N.S. woman's move to adult facility required ministerial approval, inquiry told
Beth MacLean has testified she asked to live in home-based environment rather than institution
A human rights board of inquiry heard more testimony Monday about the difficult life of Beth MacLean.
MacLean, who has an intellectual disability, was first housed in a locked unit at an institution when she was 14.
Her move into the unit at the Kings Regional Rehabilitation Centre in Waterville, N.S., in 1986 required ministerial approval because it was an adult facility. She later spent 16 years living in a locked unit of the Nova Scotia hospital.
"It was very inappropriate to be put in an environment where people are much older," said Jim Fagan, director of resident services at the Regional Residential Services Society.
Fagan is the latest to offer testimony at the Nova Scotia human rights board of inquiry.
Lawyers for MacLean and two other complainants allege the province is violating their basic human rights by forcing them to live in institutionalized care instead a smaller, community-based support home.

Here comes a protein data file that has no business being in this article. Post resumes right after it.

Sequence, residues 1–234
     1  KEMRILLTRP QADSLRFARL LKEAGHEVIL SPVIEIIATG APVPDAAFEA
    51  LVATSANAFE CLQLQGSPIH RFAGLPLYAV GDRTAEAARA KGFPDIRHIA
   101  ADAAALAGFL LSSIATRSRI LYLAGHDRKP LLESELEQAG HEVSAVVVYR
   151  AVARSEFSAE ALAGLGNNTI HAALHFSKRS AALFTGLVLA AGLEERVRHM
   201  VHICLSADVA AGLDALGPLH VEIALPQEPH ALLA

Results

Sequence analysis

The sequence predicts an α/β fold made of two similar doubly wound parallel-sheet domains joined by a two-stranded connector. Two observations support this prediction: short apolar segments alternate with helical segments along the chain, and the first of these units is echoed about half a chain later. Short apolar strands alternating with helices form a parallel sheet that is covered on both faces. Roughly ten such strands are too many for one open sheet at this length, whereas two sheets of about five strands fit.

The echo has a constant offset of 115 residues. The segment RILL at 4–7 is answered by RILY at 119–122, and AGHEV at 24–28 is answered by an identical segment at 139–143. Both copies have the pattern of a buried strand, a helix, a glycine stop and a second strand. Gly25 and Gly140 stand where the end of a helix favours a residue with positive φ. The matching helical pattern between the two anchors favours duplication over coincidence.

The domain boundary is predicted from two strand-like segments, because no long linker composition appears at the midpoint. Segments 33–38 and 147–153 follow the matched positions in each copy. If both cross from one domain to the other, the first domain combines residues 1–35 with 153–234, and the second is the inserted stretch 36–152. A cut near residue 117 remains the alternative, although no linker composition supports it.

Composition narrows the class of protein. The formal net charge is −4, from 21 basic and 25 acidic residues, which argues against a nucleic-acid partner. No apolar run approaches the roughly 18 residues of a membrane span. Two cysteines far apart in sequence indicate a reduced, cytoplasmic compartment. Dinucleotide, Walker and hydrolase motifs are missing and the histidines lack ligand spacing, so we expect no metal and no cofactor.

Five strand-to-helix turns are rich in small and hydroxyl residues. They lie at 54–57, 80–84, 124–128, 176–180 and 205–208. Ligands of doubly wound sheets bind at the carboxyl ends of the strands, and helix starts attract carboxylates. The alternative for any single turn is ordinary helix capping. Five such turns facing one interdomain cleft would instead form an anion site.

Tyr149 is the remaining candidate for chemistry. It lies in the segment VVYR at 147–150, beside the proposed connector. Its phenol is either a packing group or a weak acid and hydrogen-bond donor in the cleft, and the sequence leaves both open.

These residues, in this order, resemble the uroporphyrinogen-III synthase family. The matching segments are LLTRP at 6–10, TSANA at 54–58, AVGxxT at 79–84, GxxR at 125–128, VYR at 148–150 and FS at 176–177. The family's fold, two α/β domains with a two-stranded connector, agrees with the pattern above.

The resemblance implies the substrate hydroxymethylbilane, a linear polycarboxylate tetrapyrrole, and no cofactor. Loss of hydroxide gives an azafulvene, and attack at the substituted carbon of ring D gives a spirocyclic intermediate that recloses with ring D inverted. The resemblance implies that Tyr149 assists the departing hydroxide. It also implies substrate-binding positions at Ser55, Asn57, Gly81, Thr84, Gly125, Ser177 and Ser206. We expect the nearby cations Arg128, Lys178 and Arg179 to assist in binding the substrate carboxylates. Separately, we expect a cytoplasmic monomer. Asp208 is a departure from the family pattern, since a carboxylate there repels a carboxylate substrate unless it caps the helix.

In his testimony Monday, Fagan said MacLean was assessed in 2014 to determine whether it was appropriate to move her out of the Nova Scotia Hospital's Emerald Hall into a community-based support home.
'We could have supported Beth'
Fagan said in spite of her bouts of aggression, she would have been accepted in a community-based home.
"We could have supported Beth even if she was a risk to herself or others," Fagan said. "And there are people living in the community who would present a risk for herself or others that are still living in the community very well, that at time to time need a lot of support."
Fagan described MacLean's life at Emerald Hall as fraught with loneliness and isolation, and said there is very little opportunity there for residents to learn new skills.
Fagan also said the two other complainants named in the case, Joseph Delaney and Sheila Livingstone, who is now deceased, would have also qualified to live in a community-based home.
The lawyer for the complainants, Vince Calderhead, said if their cases succeed, it could open the door to others who want to leave institutionalized care and move into community housing.